The Terrible Famine
Apprentice Shrine Maiden, volume 1
By Miya Kazuki (Translated by Quof)
2015’s Apprentice Shrine Maiden, Volume 1 is the first installment in the second arc of Miya Kazuki’s Ascendance of a Bookworm book series. Illustrations are by You Shiina. The 2019 English translation is by Quof.
Reborn into the body of a sickly peasant girl named Myne, a Japanese bookworm is determined to return to her life of reading. This requires the invention of books, publishing, and the tech that supports publishing. In this, the second story arc, she is sent to serve in the local church, as apprentice shrine maiden. Myne embraces this opportunity as she does all others: headlong, without bothering to do any research.
The society into which she was reborn is a rigidly hierarchal one. In normal times, peasants would not be permitted to enrol in such potentially cushy positions as shrine maiden. But times are not normal and there are reasons to recruit her:
- Myne is unusually rich in manna, which fuels magic.
- While magic is usually restricted to the aristocracy, recent aristocratic politics were more than usually literally cutthroat. The supply of living aristocrats is currently poor.
- Lacking a sufficient supply of aristocrats, the church has to make concessions, one of which is snapping up people like Myne.
There are catches. The same abundance of manna that makes her useful to the church causes the wasting disease that endangers Myne’s life. As well, apprentices like Myne have actual duties (duties of which she is blissfully unaware and in which she is mostly uninterested). Finally, Myne has jumped the queue and the aristocrats in the church hierarchy don’t take kindly to the presence of this peasant. All it would take is one misstep for a rival to bring Myne down. Alas, Myne is too ignorant to avoid error.
Myne is given three assistants, two of whom are spies for senior church officials and the last of whom is a discipline problem who is bitterly resentful at being assigned to Myne. Interesting learning experiences follow.
Perhaps the most alarming discovery is that the church is deliberately starving the inmates of the local orphanages. The orphans are considered only as potential servants; being trained for anything else would impinge on the rights of families and guilds (but see ). The aristocrats having culled their own numbers so effectively, the demand for servants has declined. This means the current supply of orphans greatly exceeds demand. The church leaves the useless orphans to starve in untended squalor.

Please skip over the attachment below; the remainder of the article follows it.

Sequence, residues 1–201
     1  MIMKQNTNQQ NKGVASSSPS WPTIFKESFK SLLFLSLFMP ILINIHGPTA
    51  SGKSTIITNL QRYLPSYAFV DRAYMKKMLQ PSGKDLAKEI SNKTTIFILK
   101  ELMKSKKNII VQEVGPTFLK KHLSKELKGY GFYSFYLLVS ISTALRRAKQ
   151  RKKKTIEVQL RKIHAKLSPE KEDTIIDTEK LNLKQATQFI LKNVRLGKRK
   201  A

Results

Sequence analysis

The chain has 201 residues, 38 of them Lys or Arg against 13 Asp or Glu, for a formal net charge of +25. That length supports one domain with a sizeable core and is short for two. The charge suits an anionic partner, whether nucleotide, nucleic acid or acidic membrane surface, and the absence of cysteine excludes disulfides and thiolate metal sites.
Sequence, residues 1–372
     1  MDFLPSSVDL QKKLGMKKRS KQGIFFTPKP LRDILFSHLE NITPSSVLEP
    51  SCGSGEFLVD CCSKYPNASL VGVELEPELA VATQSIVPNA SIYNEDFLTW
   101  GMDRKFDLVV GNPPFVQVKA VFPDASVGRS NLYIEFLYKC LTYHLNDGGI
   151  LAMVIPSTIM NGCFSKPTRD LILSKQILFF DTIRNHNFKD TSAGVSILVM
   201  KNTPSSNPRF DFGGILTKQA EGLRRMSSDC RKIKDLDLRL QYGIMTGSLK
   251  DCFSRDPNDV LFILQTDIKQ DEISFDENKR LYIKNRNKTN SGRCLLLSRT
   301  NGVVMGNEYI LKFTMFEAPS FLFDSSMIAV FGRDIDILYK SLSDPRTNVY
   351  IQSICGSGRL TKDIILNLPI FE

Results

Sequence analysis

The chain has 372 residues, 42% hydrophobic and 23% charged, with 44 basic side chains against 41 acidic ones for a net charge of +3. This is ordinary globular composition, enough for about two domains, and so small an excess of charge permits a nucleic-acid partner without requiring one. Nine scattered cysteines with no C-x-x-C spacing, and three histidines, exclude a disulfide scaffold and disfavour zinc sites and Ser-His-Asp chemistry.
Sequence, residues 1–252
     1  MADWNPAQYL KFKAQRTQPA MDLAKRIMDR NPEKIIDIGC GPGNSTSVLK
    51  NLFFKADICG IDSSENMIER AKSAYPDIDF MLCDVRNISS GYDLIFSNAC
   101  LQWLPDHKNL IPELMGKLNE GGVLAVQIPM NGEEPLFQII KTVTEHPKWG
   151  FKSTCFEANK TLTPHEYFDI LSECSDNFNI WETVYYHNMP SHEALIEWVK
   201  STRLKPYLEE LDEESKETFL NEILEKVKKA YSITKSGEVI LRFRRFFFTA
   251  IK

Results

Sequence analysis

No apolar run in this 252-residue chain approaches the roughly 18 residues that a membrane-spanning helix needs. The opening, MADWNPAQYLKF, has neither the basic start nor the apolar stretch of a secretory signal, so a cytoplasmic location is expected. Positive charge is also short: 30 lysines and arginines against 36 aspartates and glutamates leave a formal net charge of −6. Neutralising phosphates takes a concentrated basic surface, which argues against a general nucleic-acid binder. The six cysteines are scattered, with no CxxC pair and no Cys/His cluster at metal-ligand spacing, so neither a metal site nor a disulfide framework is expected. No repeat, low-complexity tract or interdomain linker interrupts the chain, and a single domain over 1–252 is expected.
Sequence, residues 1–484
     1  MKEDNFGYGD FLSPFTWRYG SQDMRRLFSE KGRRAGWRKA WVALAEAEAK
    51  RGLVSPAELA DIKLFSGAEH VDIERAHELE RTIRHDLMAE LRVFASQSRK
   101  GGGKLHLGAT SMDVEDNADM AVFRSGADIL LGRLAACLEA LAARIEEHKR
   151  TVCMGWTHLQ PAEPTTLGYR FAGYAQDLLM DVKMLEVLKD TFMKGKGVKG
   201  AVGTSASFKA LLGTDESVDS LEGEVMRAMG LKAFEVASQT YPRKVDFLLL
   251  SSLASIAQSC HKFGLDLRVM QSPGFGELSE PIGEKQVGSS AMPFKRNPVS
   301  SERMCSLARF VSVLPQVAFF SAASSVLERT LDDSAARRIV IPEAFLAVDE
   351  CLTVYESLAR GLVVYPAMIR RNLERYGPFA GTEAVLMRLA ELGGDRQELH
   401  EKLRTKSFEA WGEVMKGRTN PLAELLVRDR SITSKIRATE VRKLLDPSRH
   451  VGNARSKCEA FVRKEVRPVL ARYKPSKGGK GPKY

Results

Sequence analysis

The church has not taken into account the presence of a soft-hearted Japanese woman…
I say “servant” but the orphans can’t choose their bosses and the word “sold” comes up from time to time. Slave might be a better description.
It takes Myne quite a while to understand that the church will allow unwanted orphans to starve to death  if there’s no way to profit from them. It doesn’t seem that this culture has any notion of charity. “Myne discovers that her new society has values alien to hers, ones that the rulers have no interest in changing” is a recurring theme in this series.
But … if someone else comes up with a way to save the orphans, the church isn’t going to stand in the way (so long as the solution does not inconvenience the upper classes). Myne intends to be that someone else. Which is a problem for her quest to surround herself with books .
This volume was somewhat less upbeat than the previous one. Myne has achieved a position of some small power, a position in which she is forced to come to terms with the inequities of her new setting . But at least she’s trying to do something about them!
On the one hand, not quite the light-hearted comedy for which I was hoping, what with the slavery, and wilful starvation of surplus orphans. On the other hand, still a lot more upbeat than my other recent read, Monstress! Most of the malice folks show is negligent, not deliberate.
Apprentice Shrine Maiden, Volume 1 is available here (Amazon US), here (Amazon Canada), here (Amazon UK), here (Barnes & Noble), here (Book Depository), and here (Chapters-Indigo).
1: People can and do get adopted. Just how that works is a plot point.
2: Not only orphans are starving. One of Myne’s peasant friends mentions that he’s never had enough to eat, been really full, in his entire life.
3: She does, however, discover something that could up-end society, which is a small change from introducing novelties that could up-end society. Luckily for her, her friends and allies don’t want to see her head on a pike for the crime of inconveniencing the powers that be, so the discovery is hushed up. It is hoped that it will never surface again, in this series about unintended consequences. Ha ha.
4: In the previous arc, she did encounter girls who were eager to become some aristocrat’s child mistress. That was the least bad choice on offer. The starving orphans should not have been a surprise. They were, because Myne consistently ignores everything unrelated to books. Perhaps there’s a subtext here about being blinded by obsession.